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Chapter 3 Market Analysis The second section analyzes the geographic market settings of car-sharing, in terms of the types of neighborhoods where car-sharing has been intro- duced. It provides a qualitative analysis -- based on the existing literature, media reports and identification of existing locations -- and a quantitative analysis of the demographic and physical characteristics around each car- sharing vehicle location ("pod"). Finally, this chapter reviews some previous research forecasting the poten- tial growth of car-sharing and suggests lessons that should be learned and applied to the research results presented here. 3.1 Demographic Market Segments Attracted to Car- Sharing Market segmentation is the identification of distinct groups of customers who share specific characteristics and who are likely to exhibit similar purchasing behavior. Market segmentation can be used to highlight patterns of demo- graphic, spatial, behavioral, and attitudinal characteristics shared by persons who are currently using car-sharing services. These patterns demonstrate which kinds of persons (groups of customers, or market segments) are most likely to be attracted to car-sharing services. These persons can then be the focus of targeted marketing campaigns through which car-sharing operators can position their products and services by developing specifically tailored marketing strategies to appeal to the selected target markets. TCRP Report 36 notes that market segmentation can be used to "improve your agency's competitive position and better serve the needs of your cus- tomers." For the transit industry, market segmentation is said to be capable of providing (Elmore-Yalch, 1998): Increased ridership Improved share of mode choice New customers Better customers More satisfied customers Potentially more "profitable" marketing and service opportunities Market segmentation offers the same potential benefits for car-sharing or- ganizations and their partners. Page September 2005 3-2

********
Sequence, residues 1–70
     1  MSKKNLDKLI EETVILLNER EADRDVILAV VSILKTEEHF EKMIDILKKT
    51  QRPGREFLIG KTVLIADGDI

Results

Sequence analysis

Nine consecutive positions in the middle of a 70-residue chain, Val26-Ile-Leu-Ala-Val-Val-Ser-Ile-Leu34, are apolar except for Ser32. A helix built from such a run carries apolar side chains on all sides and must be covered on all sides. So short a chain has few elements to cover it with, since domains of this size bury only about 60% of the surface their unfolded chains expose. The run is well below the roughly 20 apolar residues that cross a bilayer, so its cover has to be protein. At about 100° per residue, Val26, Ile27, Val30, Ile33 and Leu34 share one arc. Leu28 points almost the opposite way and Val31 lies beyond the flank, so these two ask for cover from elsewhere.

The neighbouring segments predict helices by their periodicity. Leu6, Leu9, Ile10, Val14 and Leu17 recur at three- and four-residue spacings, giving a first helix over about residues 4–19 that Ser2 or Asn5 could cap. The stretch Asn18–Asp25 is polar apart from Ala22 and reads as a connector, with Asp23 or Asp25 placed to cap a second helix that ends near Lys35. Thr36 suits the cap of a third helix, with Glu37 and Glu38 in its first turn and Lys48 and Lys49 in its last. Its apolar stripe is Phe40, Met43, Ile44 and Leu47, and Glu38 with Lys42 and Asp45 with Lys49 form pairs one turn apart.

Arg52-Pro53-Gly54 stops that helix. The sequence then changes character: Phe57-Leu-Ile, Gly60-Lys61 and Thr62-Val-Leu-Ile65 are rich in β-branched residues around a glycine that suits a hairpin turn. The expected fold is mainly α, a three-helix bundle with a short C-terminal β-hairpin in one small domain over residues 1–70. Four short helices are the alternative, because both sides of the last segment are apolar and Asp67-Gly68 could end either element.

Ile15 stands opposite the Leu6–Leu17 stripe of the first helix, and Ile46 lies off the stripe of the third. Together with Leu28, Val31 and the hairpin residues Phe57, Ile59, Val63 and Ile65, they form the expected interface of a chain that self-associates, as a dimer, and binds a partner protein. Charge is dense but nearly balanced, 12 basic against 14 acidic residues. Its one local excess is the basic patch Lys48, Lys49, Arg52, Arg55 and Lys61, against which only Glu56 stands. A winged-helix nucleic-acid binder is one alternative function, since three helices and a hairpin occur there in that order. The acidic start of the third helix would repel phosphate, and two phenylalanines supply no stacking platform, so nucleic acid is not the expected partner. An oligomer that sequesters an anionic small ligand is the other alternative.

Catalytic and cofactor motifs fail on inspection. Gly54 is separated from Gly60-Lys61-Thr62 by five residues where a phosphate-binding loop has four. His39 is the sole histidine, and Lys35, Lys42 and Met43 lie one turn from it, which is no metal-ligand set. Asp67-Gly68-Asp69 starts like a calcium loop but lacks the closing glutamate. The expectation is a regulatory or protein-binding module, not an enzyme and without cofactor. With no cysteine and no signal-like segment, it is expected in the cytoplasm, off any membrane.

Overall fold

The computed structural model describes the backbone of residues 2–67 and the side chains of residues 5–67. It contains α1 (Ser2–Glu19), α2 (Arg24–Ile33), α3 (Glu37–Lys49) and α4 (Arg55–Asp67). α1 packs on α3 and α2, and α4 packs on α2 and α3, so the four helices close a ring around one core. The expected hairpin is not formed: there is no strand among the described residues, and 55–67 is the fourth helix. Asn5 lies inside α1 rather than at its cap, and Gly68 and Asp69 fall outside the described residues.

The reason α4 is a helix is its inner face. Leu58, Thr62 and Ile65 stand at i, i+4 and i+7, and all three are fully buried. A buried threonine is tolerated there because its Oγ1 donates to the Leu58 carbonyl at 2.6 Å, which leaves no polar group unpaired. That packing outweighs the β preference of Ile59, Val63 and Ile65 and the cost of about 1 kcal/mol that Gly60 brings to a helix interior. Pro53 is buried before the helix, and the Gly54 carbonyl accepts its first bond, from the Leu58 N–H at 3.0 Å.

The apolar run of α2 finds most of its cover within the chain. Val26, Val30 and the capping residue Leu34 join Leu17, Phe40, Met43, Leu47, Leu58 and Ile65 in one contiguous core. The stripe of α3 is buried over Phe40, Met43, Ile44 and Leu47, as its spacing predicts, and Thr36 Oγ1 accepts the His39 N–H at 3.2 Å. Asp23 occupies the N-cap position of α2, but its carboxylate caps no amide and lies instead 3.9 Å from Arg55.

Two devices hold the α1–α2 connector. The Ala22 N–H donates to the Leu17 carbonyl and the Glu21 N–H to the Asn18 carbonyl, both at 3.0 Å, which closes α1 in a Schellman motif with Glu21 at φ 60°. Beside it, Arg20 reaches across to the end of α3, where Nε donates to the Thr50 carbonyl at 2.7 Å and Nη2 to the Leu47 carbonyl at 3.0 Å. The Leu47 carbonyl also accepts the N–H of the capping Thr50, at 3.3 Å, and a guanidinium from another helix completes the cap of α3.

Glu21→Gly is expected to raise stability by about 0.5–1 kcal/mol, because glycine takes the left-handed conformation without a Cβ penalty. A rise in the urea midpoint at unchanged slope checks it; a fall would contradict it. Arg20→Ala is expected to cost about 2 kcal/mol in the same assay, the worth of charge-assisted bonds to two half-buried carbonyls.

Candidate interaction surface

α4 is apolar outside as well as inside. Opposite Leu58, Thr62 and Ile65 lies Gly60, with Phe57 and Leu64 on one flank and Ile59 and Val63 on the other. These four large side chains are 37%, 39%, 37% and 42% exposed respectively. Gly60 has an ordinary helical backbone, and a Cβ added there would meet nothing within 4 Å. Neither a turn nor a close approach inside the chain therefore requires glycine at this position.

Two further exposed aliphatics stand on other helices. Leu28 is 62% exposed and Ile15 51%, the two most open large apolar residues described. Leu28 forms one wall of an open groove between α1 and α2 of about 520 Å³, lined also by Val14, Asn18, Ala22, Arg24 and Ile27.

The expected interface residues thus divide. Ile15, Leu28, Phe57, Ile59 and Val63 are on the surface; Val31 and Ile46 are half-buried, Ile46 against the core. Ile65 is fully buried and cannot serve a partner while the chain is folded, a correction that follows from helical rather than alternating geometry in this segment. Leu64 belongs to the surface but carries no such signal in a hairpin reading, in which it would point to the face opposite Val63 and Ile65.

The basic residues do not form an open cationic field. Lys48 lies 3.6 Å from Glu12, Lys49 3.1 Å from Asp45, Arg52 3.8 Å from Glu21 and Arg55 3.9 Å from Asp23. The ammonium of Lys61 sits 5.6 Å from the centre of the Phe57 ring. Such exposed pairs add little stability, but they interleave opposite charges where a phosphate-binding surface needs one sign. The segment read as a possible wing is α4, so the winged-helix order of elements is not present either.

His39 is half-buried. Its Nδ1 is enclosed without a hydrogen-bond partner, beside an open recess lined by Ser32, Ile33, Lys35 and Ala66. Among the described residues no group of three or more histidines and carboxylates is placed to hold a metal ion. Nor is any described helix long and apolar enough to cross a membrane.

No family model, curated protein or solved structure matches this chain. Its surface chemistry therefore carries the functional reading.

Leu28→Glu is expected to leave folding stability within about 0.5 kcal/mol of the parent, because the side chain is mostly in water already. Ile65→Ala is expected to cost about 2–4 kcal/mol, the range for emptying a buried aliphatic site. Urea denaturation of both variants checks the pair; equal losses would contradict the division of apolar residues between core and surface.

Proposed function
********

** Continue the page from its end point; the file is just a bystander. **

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Car-Sharing: Where and How It Succeeds Methodology Web-Based Survey For this study, a web-based survey of current car-sharing members (ap- proved by the study's Project Panel) was conducted in May, June, and July of 2004. The survey questions are provided in Appendix C. All but one of the large car-sharing companies in the United States and Canada encour- aged their members to participate in this survey. (Zipcar, one of the two largest car-sharing companies in the United States, chose not to participate in this survey. Based on information received from Zipcar, and because it is believed that their membership and practices are not substantially different from those of other operators, there is no reason to believe that their lack of participation altered the results of the survey in any specific way.) Because car-sharing is a highly competitive private enterprise (at least in some metropolitan areas), the study team was not provided lists of car- sharing members. Instead, participating car-sharing companies contacted some or all of their members by mail or e-mail and encouraged them to participate. The members contacted were free to participate or not; if they decided to participate, they were instructed to connect to a specific website. No follow-up contacts were made with members who did not participate. Anyone who completed the survey was eligible to be one of five winners of a US$50 credit on their next car-sharing bill. Use of this methodology means that the study team did not control how respondents were selected from or contacted by each company, and there- fore cannot verify that the respondents are statistically representative of the members of each company. However, we do believe that the companies who participated chose potential respondents in a fashion which accurately represented their entire membership. This methodology obviously focuses on individuals who are Internet users, possibly slighting other car-sharing members who are not computer users. But most car-sharing companies now do the vast majority of their reservations over the Internet, so use of the Internet to survey members should not have introduced any significant bias. Page 3-3